"It has a very high sucrose content. It is the sweetest potato you’ve ever eaten," he says of the Evangeline, but he also likes that it appears to have some extra resistance to rot at the end of the year. Last year he had few acres of the variety, but found that only about 10 percent of them rotted in the ground compared to over 60 percent of the Beauregards.
It does, however, have one drawback. "It’s more difficult to manage in the seed beds," Thornhill says. In addition, it is susceptible to sclerotial blight in the seed beds, and the seed potatoes do not produce as many slips that can be transplanted, compared to the Beauregard variety. Smith acknowledges this disadvantage, and says the university is doing tests to counteract the problem. One recommendation is to pre-sprout the seed potatoes before planting by increasing air temperature while they are still in storage. Evangeline seed that was pre-sprouted prior to bedding this year performed very well.
Smith verifies that the Evangeline did hold up "very well" during the wet harvest conditions last year. Although the variety appears to take a week or two longer than Beauregard to reach ideal harvest size (maximum number of U.S. #1 grade), its stability in flooded fields is a huge plus. She notes that Don LaBonte is the LSU plant breeder who developed the Evangeline variety.
Smith says that attention to details of seed bed preparation and timing can help a grower get a jump on a good season. She cautions against piling seed potatoes on top of each other in the bed, which tends to produce spindly slips and a slow-starting transplant. The use of fungicides labeled for sweet potatoes-Botran, Mertect and Quadris-will provide some insurance against disease, and she recommends plastic mulch to speed up seed sprouting, a practice common among sweet potato growers now.
Agreeing with Thornhill that center pivots are the most efficient method of irrigation, she says that cultural practices throughout the season give a grower a chance to produce strong plants and optimize the number of roots. That means regular irrigation as well as good pest management, with about 1 inch of water per week in lieu of rain. Growers who have a furrow-irrigated crop must be conscientious with timing and monitoring of weather patterns.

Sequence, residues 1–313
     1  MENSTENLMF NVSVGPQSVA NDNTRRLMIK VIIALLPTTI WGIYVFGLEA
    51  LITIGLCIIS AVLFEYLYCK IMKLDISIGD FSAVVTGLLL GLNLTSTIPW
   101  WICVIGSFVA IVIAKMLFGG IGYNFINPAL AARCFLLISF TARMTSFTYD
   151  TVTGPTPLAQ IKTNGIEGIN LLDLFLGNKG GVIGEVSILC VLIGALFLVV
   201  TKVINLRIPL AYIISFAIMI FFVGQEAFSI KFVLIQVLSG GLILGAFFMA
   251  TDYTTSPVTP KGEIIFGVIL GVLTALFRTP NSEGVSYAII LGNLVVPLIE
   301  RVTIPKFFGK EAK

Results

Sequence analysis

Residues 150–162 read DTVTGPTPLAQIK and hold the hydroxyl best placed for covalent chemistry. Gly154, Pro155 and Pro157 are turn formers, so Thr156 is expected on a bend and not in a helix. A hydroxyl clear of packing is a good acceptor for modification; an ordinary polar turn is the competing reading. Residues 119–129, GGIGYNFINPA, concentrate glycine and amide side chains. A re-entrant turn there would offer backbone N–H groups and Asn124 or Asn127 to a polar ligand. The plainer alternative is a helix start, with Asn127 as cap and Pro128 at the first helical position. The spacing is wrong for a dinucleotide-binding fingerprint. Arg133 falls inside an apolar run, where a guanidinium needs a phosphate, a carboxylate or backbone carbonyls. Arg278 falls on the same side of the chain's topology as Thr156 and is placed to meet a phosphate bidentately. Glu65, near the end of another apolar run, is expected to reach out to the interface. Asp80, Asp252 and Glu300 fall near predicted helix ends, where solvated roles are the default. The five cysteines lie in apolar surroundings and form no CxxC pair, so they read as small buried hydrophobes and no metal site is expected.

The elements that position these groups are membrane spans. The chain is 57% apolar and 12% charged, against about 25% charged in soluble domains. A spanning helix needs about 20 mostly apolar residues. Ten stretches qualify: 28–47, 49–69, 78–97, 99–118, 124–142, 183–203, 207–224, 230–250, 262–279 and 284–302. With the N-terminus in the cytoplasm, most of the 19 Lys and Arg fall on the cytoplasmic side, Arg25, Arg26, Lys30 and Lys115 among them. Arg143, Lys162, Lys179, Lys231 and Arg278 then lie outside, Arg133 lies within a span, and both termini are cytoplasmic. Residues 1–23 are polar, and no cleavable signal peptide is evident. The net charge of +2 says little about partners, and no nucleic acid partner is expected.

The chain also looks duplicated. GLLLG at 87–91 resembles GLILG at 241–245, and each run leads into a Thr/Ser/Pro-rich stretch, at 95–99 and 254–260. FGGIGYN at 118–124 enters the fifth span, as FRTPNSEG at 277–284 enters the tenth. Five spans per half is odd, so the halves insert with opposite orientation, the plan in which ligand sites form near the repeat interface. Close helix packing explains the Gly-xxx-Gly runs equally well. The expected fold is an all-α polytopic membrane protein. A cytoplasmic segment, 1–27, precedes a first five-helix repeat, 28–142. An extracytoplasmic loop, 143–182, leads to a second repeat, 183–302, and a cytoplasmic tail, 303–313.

The harvest is another time to be efficient, Thornhill says. Sweet potatoes are machine-harvested, but because they are a root and not a tuber, they require a lot of hand labor before they hit the shed. He needs about 145 people, and begins digging in August to find his earliest fields so he can begin harvest as soon as possible. He has a trailer running alongside the harvester so potatoes can be taken into the shed immediately. He has storage space for 325,000 bushels of potatoes, with 220,000 bushels of storage being climate-controlled.
"I’m hoping someday that somebody will come up with a means of bulk harvesting sweet potatoes," he says. He could have avoided some rainfall last year if he had been able to harvest more quickly.
One thing that would allow sweet potato growers to manage risk better would be good crop insurance, Thornhill adds. The sweet potatoes that rot in the field after a season like 2008 are not covered, even if the grower has USDA crop insurance, because the current policy disallows payout on any roots that are solid and over 1.5 inches in diameter; at that point most are. Any late rotting or sunburned potatoes are not covered by a Risk Management Agency policy.
Smith says that many Louisiana producers and organizations are working to develop better crop insurance language, and she hopes the USDA will accept policy changes on issues such as the 1.5-inch exclusion.
"Crop insurance is designed to manage risk in extreme or dire situations," she says, and growers do not have sound protection against the weather. "It would be a great benefit to sweet potato producers."
Louisiana’s sweet potato crop is second only to North Carolina’s and Mississippi’s. "It is the most expensive row crop produced in Louisiana," she says, at about $3,000 per acre through harvest. Acreage this year will be from 15,000 to 16,000.
"There’s the potential for a lot of growth," Smith notes. There are some promising value-added products being created from processed sweet potatoes, including fries, canned products, chips, dehydrated flakes, juices, baby food and pet food. The Evangeline adds more potential because of the sweetness of the variety.
As for Thornhill, he’s watching the hurricane predictions avidly and hoping for a light storm season. For the long term, he is positive. He cites an encouraging export business to Europe, new products like sweet potato fries and the recovery of a sluggish economy as reasons to keep producing this crop.
Don Dale is a freelance writer and a frequent contributor. He resides in Altadena, Calif.